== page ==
K’s statements were recorded on various dates, where he had admitted that the partners were fictitious. They were not eligible to any shares in the profits of the firm; Monies were lying in various banks in FDRs in the names of these so-called partners and claimed that part of that amount belonged to the members of the public. This part of the statement was not accepted by the department. In view of the aforestated position, the Assessing Officer proceeded to frame the assessment in the hands of ‘K’ on protective basis and in the hands of deposit holders for unexplained deposits. Although the firm was registered, there were no bank accounts in the name of such a firm. There were no accounts in the name of any of the partners of the alleged firm. There were no deposits in the name of the alleged firm. There were no deposits in the name of any of the partners of the alleged firm. None of the assessees had been able to explain the sources of the deposits in the names of the relatives. When asked, they had pointed their fingers to ‘K’. In view of this, the revenue was right in coming to the conclusion that the alleged firm was not genuine. The assessee could not establish the source of deposits. The revenue was right in coming to the conclusion that there was no evidence in support of the claim of the assessee that the aforestated amount was collected from the members of the public. The assessee had failed to show that the collections did not represent this income. In order to find out whether the assessee was the owner of any money in terms of section 69A, the principle of Common Law Jurisprudence in section 110 of the Evidence Act, 1872, can be applied. In the case of Chuharmal v. CIT reported in (1988) 3 SCC 588 it has been held by Supreme Court that the word ‘income’ in section 69A has wide meaning which meant anything which came in as gain. In the instant case, the assessee did not adduce any evidence to show that the amount in question did not belong to him. On the facts, therefore, the revenue was right in drawing inference that the assessee had the said amount as his income which was subject to tax under section 69A. Hence, the Tribunal should not have interfered with these findings of fact rightly recorded by the Assessing Officer and the Commissioner (Appeals). [Para 5].
In the instant case, the Tribunal had further held that the partners were employees of public sector undertakings; that they had acted as partners; that the firm was floated and, therefore, though the firm was illegally constituted, however, the very existence of the firm was never in doubt. It was further held that the members of the public had placed their deposits with the said firm thorough the relatives and friend, and that though the amount in question ought to have been deposited in the name of the firm, it was not so done and, therefore, it was necessary to link up the said amounts with the books of the firm and to the extent possible should be shown as amounts received by the said firm as deposits from various persons. There was no evidence to show that members of the public had been placing their deposits with the said firm through their relatives and friends. Therefore, there was no question of linking up all these amounts with the books of the firm as ordered by the Tribunal. In view of this, the revenue was right in holdings that mount in question could not be considered in the hands of the firm which was found to be fictitious as unexplained investments. Therefore, the Tribunal had erred in directing linking up of the deposits with the accounts of the alleged firm. [Para 6]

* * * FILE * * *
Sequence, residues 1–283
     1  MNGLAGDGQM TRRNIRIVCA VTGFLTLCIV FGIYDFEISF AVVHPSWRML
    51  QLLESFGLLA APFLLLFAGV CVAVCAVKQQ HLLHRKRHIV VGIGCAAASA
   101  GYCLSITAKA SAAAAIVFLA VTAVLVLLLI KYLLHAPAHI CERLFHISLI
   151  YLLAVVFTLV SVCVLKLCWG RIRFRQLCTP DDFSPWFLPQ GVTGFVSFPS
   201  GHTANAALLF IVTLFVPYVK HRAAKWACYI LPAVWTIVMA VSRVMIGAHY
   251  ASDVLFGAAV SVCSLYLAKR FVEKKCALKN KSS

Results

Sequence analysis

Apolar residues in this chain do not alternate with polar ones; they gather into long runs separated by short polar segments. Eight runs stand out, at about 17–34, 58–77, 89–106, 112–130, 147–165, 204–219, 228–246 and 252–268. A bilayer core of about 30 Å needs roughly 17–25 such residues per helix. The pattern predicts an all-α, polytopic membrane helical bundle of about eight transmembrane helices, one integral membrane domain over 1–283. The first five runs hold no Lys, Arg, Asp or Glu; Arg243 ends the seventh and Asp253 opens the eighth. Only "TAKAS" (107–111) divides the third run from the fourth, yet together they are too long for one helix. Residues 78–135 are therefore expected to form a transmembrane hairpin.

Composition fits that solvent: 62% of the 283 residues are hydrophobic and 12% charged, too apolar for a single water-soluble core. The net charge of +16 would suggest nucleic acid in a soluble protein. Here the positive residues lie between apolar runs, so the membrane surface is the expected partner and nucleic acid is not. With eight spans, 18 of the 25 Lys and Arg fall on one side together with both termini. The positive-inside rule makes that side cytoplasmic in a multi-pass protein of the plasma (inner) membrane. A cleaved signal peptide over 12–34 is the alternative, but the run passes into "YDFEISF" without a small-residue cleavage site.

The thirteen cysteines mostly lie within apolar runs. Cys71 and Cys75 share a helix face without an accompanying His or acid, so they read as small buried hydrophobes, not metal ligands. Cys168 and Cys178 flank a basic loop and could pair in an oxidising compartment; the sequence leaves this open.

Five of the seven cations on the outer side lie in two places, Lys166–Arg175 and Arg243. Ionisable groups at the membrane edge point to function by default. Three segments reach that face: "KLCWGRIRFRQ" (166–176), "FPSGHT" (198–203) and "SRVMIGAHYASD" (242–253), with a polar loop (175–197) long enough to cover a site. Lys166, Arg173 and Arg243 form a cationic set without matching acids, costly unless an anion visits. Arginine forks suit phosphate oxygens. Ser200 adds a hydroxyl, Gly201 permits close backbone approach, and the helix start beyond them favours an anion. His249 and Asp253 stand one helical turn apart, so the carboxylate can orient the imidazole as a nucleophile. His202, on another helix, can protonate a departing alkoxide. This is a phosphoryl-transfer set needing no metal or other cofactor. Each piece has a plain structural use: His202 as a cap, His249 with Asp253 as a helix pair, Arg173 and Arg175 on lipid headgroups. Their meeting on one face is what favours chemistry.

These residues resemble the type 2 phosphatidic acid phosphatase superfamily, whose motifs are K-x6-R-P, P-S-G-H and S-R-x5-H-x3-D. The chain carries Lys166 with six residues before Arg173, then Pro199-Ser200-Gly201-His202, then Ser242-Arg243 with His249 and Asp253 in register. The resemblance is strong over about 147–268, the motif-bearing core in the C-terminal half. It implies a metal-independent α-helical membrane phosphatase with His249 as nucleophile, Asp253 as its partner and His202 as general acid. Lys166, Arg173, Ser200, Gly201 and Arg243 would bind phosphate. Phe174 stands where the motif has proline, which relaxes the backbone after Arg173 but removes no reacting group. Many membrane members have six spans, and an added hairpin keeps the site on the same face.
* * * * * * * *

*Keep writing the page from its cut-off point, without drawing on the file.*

Where a deposits stands in the name of a third person and where that person is related to the assessee then in such a case the proper course would be to call upon the person in whose books the deposits appears or the person in whose name the deposits stands should be called upon to explain such deposit. In the instant case, there was no evidence recording registration of the firm. Books of accounts were not properly maintained in the instant case. There was no explanation regarding the source of investment. The evidence of ‘K’, indicated that even the partners of the firm were fictitious. In the above circumstances, the Tribunal had erred in directing linking up of the deposits with the accounts of firm. In fact, the directions given by the Tribunal to the Assessing Officer for such linking up was not even capable of compliance. The onus of proving the source of deposit primarily rested on the person in whose names the deposit appeared in various banks. In the circumstance, the department was right in making individual assessments in the hands of assessee in question. Similarly, the revenue was right in making the individual assessments in the names of other assessees. [Para 7]
In the result, the revenue’s appeals were to be allowed